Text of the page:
Disaster & Medical Help Through FISH OF SANCAP

With a focus on the senior population, Erika Broyles, FISH OF SANCAP Senior Services Director, continues to provide hands-on services to the community’s most vulnerable. “While FISH is assisting all residents and workforce survivors, my main focus is on our older population,” says Broyles. “So many seniors are displaced due to damage or loss of their home, or living in damaged houses while repairs are being made. We are assisting in every way to make their environment as pleasing as possible until they can fully recover.”

Dave White, whose name has been changed to protect privacy, became homeless after Ian. In his late 70s, he struggles with health issues and now mental wellness after the destruction Ian caused. “Being less mobile, he didn’t feel like he could evacuate,” continues Broyles. “His home was destroyed and he stayed at various places for many months; he has few friends and no family.”

Thankfully White reached out to FISH to find assistance he so desperately needed. FISH was able to secure a Unite trailer, help him get started on food stamps and located a new primary care doctor to help manage his health. “Mr. White was confused and distraught just after the storm, and still has difficulty ‘connecting the dots’. Routine tasks have become challenging for him since Ian,” said Broyles. Broyles noted that she’s helped him by organizing his paperwork, providing folders, writing supplies and a suggested filing system. “He seemed to like that,” she said. “He definitely perks up when his surroundings are less chaotic.”

FISH has enrolled White in their visitation program where he receives weekly home visits in his new trailer. He is provided with items from the food pantry, a smile and conversation which helps keep him engaged and uplifted. “He’s noted how lonely he is, so I try to visit with him for an extended period of time to provide some socialization,” said Broyles.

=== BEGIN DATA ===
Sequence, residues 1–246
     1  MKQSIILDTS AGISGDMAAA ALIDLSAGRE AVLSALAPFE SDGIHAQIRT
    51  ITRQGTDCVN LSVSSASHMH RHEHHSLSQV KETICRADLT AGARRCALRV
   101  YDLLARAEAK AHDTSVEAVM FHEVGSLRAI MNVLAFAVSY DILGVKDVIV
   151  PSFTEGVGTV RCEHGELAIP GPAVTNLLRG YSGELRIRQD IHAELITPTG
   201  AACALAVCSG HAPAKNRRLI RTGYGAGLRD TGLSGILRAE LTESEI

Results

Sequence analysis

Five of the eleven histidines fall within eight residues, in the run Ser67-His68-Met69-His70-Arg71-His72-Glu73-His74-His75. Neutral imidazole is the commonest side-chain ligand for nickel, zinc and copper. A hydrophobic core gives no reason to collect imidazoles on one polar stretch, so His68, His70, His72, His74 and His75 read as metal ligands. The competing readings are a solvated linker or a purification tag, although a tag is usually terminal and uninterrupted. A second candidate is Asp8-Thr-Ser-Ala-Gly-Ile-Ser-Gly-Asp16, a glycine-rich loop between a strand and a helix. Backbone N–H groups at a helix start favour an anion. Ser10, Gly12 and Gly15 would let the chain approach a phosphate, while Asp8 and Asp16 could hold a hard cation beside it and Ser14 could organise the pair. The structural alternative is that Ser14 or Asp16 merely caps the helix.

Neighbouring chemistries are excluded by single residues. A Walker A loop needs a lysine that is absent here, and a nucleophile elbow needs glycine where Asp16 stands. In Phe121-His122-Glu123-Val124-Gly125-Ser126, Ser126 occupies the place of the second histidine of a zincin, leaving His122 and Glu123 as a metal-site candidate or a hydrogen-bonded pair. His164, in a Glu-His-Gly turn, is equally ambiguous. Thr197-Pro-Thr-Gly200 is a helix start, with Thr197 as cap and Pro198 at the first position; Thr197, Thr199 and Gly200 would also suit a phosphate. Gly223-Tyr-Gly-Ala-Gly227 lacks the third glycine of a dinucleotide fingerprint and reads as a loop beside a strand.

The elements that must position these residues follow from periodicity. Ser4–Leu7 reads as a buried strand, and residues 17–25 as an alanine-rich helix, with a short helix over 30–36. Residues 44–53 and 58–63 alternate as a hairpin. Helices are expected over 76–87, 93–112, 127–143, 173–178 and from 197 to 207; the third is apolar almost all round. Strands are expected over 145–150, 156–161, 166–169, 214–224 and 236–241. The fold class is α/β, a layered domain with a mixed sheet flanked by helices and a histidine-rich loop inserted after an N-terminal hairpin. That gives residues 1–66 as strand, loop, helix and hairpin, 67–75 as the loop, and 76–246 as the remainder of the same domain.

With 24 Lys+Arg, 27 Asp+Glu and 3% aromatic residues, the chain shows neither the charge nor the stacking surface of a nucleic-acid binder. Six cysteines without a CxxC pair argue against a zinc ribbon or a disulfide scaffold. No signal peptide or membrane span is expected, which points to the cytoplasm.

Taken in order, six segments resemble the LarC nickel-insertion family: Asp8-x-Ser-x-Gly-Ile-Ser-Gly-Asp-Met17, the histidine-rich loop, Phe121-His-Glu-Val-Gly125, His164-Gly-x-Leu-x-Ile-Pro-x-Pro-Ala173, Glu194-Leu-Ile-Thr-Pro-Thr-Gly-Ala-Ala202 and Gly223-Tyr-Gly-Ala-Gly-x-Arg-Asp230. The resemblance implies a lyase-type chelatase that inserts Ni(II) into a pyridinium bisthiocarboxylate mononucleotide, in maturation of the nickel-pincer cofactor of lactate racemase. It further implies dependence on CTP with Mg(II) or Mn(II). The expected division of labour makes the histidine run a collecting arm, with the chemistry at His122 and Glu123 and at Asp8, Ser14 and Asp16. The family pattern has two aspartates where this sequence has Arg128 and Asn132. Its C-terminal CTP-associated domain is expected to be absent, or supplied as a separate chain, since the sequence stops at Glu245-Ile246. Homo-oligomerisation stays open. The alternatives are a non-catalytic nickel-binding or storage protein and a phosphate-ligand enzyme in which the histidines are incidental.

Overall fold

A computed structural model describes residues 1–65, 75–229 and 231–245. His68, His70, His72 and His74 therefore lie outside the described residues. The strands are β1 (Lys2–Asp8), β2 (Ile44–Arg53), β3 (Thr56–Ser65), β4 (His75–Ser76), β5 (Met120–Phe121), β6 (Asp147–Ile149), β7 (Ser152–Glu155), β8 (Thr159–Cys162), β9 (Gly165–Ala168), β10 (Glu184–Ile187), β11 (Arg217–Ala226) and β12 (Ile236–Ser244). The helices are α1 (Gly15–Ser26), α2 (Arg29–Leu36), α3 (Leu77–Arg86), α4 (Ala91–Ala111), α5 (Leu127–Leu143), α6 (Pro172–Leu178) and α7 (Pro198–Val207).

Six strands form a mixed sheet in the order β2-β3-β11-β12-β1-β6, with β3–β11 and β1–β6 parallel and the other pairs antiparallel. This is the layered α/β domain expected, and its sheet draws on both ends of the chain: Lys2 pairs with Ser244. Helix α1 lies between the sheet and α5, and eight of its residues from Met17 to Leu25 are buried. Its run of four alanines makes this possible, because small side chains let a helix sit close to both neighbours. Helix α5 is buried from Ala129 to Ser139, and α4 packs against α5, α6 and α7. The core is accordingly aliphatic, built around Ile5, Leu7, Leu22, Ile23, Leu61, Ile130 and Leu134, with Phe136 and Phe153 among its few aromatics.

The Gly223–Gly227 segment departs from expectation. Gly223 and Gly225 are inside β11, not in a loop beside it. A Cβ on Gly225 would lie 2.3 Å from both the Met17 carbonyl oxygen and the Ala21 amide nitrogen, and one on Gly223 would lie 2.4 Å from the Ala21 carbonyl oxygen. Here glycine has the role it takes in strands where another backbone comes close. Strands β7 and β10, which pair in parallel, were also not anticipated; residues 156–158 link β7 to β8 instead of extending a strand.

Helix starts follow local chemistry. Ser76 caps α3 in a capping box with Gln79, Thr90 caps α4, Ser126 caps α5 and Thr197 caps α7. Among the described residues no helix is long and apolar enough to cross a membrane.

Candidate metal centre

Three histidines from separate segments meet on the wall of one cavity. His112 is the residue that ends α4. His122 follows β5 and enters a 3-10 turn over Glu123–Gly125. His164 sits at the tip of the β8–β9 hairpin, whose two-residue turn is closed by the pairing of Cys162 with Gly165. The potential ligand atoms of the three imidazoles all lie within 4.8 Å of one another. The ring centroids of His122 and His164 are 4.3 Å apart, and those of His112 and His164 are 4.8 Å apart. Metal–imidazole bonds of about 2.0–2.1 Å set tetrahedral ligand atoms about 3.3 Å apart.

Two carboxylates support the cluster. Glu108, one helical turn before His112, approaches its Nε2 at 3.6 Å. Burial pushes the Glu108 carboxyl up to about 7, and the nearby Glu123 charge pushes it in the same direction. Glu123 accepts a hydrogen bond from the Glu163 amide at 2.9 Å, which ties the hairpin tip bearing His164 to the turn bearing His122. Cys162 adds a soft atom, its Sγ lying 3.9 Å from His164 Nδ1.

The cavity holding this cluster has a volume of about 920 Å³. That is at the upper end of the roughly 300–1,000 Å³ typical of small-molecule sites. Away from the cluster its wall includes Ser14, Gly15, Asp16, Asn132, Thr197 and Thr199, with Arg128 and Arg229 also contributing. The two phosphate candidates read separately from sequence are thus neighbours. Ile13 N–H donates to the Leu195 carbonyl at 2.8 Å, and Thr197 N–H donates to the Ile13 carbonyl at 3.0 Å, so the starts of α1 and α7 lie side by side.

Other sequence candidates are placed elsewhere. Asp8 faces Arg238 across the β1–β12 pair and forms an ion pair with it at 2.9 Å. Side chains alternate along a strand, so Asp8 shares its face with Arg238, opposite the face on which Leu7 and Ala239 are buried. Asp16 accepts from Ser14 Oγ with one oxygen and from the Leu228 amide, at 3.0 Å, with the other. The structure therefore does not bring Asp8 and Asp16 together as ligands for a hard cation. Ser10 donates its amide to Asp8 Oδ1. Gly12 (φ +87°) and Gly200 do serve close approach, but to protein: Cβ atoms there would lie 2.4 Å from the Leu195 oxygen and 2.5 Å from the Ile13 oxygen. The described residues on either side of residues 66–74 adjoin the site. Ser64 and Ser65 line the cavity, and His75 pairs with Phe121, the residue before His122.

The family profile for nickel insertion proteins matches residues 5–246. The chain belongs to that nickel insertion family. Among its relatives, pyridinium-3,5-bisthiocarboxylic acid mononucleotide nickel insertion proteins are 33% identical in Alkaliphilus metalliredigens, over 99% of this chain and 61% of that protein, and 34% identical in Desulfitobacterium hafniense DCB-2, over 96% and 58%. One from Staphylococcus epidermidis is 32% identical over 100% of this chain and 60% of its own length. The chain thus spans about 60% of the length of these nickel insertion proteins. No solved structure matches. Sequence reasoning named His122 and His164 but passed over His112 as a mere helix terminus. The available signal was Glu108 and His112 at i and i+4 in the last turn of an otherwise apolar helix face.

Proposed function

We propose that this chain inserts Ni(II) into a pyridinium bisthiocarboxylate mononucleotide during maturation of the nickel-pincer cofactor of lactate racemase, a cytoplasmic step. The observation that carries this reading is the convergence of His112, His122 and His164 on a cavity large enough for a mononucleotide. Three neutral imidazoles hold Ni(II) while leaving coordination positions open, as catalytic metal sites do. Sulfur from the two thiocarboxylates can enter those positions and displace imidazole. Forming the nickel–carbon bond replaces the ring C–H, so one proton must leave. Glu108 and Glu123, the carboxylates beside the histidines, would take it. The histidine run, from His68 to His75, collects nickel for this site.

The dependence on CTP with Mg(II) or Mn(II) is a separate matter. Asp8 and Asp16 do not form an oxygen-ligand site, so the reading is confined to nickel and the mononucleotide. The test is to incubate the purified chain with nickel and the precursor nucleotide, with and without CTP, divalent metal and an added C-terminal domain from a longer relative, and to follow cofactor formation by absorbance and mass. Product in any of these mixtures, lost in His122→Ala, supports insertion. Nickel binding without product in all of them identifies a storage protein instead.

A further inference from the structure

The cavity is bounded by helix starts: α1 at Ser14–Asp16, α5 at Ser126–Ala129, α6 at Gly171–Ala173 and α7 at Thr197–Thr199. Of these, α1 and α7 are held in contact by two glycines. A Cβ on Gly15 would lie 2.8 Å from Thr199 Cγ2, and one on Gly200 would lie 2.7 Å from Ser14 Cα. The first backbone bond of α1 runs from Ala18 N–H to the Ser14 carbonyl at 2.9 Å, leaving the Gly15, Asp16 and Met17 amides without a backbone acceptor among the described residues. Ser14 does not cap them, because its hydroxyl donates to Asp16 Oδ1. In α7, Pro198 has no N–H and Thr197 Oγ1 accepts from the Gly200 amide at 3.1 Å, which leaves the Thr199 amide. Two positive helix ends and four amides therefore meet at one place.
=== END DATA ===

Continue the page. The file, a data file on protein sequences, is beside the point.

Many seniors continue to feel lost and forgotten and are struggling with the loss of community. With neighbors that have moved away, either temporarily or permanently, senior isolation is concerning. Now, White attends the monthly Friendly Faces luncheon for socialization as well as the weekly counseling provided by SalusCare and Project H.O.P.E.

“We’re doing everything we can to bring back the spark he had before Ian,” said Broyles.

Through their long-term recovery assistance program, FISH assists Sanibel and Captiva residents and workforce with Hurricane Ian recovery aid. In addition, the agency continues to offer traditional programs focused on their four major pillars – Food, Island Based Education, Social and Senior Services, and Helping Hands to ensure no need goes unmet. The organization is answering all requests for assistance including but not limited to emergency financial assistance, providing rebuilding supplies and assisting with medical and mental health referrals and resources.

If you or someone you know needs disaster recovery assistance, contact FISH at 239.472.4775. For questions or services specifically related to seniors, please contact Erika Broyles, 239.472.4775 or erika@fishofsancap.org.